late-17th century house was the country home of the William
Hogarth, who lived from 1697-1764. The painter, engraver,
satirist and social reformer moved to Chiswick from Leicester
Fields, which was later Leicester
Square, in 1749 and remained here until his death.
Hogarth called the house, 'a
little country box by the Thames' , but today heavy traffic
goes along the Great West Road on its way to and from Heathrow
The satirist is immortalised
in the notoriously busy Hogarth Roundabout, just yards from
the house. Despite this environment, neglect and bombing
during World War II, the house has survived and is now a small
museum and gallery.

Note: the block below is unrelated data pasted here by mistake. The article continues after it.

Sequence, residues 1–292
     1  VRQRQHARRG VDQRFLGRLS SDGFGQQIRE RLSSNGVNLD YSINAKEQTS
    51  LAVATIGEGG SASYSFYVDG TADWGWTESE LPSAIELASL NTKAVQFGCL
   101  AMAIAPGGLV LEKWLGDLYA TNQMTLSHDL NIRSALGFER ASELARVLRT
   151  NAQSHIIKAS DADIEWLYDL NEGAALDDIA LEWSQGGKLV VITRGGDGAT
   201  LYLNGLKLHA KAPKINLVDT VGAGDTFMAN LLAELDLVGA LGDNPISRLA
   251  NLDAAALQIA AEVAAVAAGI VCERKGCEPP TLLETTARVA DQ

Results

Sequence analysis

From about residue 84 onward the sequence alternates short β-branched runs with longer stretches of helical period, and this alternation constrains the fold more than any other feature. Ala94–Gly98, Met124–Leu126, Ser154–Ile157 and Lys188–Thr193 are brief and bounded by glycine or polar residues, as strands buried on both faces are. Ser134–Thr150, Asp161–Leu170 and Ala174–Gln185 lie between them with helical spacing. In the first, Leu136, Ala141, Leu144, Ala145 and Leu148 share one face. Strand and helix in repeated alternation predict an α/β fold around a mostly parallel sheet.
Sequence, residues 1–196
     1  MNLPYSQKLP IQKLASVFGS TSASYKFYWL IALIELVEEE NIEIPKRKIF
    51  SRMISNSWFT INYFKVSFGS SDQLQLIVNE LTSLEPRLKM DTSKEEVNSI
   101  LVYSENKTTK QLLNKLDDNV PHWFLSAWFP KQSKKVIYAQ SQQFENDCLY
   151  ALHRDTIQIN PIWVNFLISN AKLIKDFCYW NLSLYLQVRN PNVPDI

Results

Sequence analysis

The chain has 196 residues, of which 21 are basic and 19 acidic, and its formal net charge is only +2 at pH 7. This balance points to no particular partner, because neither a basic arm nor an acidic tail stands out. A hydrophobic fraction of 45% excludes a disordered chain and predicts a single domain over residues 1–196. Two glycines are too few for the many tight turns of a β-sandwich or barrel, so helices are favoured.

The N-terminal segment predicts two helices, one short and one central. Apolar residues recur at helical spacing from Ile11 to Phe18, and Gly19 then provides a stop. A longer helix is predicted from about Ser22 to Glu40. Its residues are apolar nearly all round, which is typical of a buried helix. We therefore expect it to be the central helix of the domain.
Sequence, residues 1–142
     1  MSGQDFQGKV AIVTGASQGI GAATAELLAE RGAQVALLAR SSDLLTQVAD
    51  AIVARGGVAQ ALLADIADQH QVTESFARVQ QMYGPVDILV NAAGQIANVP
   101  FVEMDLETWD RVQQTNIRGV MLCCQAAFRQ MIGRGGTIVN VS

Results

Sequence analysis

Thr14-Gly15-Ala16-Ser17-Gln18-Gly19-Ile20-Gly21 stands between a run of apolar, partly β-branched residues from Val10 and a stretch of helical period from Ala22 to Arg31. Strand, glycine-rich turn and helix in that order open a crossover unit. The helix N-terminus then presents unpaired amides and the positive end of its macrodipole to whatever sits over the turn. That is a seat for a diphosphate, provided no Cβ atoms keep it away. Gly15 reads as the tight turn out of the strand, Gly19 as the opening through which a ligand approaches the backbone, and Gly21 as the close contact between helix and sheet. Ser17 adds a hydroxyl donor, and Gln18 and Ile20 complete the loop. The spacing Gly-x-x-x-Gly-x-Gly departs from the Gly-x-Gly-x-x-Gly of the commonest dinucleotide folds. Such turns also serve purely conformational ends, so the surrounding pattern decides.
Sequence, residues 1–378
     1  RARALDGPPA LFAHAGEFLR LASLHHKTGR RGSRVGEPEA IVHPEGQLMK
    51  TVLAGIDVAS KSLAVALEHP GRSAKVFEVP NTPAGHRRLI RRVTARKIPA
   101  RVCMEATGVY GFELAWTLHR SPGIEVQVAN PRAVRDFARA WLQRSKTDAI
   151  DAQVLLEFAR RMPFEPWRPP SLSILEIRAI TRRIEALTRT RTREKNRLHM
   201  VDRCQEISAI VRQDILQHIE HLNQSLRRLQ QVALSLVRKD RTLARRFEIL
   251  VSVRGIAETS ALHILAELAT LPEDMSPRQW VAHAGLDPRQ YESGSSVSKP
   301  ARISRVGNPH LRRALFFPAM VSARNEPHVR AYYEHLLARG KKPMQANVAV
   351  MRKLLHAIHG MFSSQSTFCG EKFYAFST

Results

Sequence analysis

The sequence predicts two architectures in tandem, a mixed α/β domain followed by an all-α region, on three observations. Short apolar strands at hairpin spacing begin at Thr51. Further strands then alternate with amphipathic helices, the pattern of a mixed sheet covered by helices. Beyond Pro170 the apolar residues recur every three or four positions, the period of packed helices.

The museum describes Hogarth's
life and work and his range of interests. Exhibits include
engravings, drawings and other mementos in an otherwise empty
house. The collection of prints and engraved copies
includes examples of the moralistic, cartoon-like paintings
that made Hogarth's name. Cartoons such as include the
'Rake's Progress', 'Marriage a la Mode' and 'An Election Entertainment'.
The original 'Rake's Progress' is in the Sir
John Soane's Museum, Lincoln's Inn Fields.
Hogarth's House is surrounded
by a small, restored garden. The artist's grave is nearby,
in the grounds of Chiswick Church, close to the Thames.